The Brazilian soccer star known as Kaká stares down at the ball, seconds from the biggest kick in the newest chapter of his storied career. Wealthy and well-known, his place in the sport is well established, his number on the backs of fans around the world. Kaká doesn't need this goal. But his new team does. Orlando City is losing its first game in Major League Soccer 1-0 with less than a minute on the clock. A wall of defenders waits 10 yards in front of him. The goalie squats low, hands stretched wide. For every reason, Kaká is the guy you want with the ball in this moment. But he would not be here without help from a teammate, a breezy 24-year-old named Kevin Molino.
A world apart
Molino and Kaká (Kuh-KAH) are partners on the field. As midfielders, the job of each is to control the game and set up opportunities for the other to score.
Their lives away from the field couldn't be more different.
There is no Molino No. 18 jersey to buy, no international acclaim.
Kaká, 32, speaks four languages, has played on three World Cup teams and for elite European clubs, and is the second-most-followed athlete on Twitter with 22.3 million followers, more than LeBron James.
Molino spent last year with Orlando City in the third division of American soccer, playing in front of 3,500 fans on some nights.
Kaká this year will make $7.2 million, more than any player in MLS, and more than the payrolls of several teams.
Molino will make $111,400.
A few hours before Orlando City's debut March 8, the fans at the Citrus Bowl camp next to their vehicles, lobbing bean bags at purple cornhole sets and drinking beer.
The rowdiest among them charge toward the stadium 90 minutes early, hoisting giant flags, banging on quad drums and releasing canisters of purple smoke — purple is the team's primary color — into the air.
Kaká's No. 10 appears on the backs of more fans than any other player by far. In a survey of a half-dozen, not one can name another Orlando City player.
Liza Escoffery, 34, of Orlando can — Molino. Like Molino, she grew up in Trinidad and Tobago — where, as in the rest of the world, soccer is called football — and she has followed his career through the country's national teams.
"I would say he's one of our heroes in the country," she said later.
Escoffery could not find Molino's jersey online. So she waves a small Trinidad and Tobago flag — a dash of red and black in a purple sea.
Luring a team, a star
The story of how Kaká came to Orlando starts with a British man's big risk. Phil Rawlins announced in 2010 he was moving his minor-league team from Texas to Orlando, where he said it stood a better chance at joining Major League Soccer.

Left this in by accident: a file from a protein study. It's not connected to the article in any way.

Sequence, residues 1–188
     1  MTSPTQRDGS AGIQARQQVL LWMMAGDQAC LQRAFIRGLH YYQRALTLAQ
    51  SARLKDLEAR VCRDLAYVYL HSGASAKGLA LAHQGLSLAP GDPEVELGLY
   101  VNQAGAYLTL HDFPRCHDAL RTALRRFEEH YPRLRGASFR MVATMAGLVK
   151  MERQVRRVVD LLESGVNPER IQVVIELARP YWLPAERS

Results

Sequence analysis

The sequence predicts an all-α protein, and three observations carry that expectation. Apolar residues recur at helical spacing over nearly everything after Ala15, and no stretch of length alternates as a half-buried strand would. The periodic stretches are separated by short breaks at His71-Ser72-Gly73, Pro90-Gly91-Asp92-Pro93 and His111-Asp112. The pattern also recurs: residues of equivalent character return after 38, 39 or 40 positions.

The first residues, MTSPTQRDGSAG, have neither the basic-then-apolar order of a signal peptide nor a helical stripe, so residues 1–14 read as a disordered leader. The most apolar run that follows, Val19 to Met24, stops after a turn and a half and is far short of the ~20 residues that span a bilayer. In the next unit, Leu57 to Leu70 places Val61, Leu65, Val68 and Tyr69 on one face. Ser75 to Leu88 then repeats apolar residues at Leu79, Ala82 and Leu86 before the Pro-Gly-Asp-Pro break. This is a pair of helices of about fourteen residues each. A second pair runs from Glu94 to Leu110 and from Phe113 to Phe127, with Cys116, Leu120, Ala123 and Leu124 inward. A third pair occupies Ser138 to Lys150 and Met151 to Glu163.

MLS was looking for a new franchise, and Rawlins reasoned that soccer in Orlando — with its younger population, international tourism and youth soccer following — would work after MLS teams in Tampa and Miami had folded nearly a decade before.
Rawlins needed to prove Orlando had a viable fan base over the club's four seasons in minor-league USL Pro, and two championships helped. He needed buy-in from city and regional leaders, who ultimately pledged taxpayer money toward an $110 million, 20,000-seat soccer stadium downtown.
Then, MLS franchise rights in hand, Rawlins and team majority owner and chairman Flávio Augusto da Silva, a Brazilian entrepreneur, needed a star.
They got Ricardo Izecson dos Santos Leite. To the world, Kaká.
When Rawlins and Augusto da Silva signed Kaká last summer to a three-year deal, Orlando City fans rushed him at the airport with songs, drums and flags. He has been Orlando's favorite four-letter word since.
"From the moment that I decided to invest in the club, the first person that we talked to was Kaká," Augusto da Silva said. "He's a very visionary guy because he would be able to play in any club in the world, but he accepted the challenge to come here and help build this sport in this country."
A slow start
Orlando City spends the first 30 minutes of its inaugural match feeling out fellow MLS newcomer New York City Football Club.
Then, a flash of brilliance. Kaká kicks the ball up to Molino and tears across the field. Molino nudges the ball to English teammate Lewis Neal, who passes it back, drawing in defenders.
Molino finds Kaká with a quick lateral pass. Kaká does not hesitate to kick the ball toward the top of the net. The crowd of more than 62,000 thinks the zinger is going in, but the New York goalie leaps and punches it away.
'The perfect man'
A few weeks earlier, 300 fans packed the ballroom of an Altamonte Springs Hilton for a faux tailgate with Orlando City, many hoping to meet its star.
Christian Ramirez, 25, came to see Kaká — from Texas.
Ramirez took three days off from her sixth-grade teaching job, packed up her Nissan Versa and hit the road with her mom and sister for 22 hours.
"He goes to church. He takes care of his family," Ramirez said of Kaká. "He is the perfect man to me."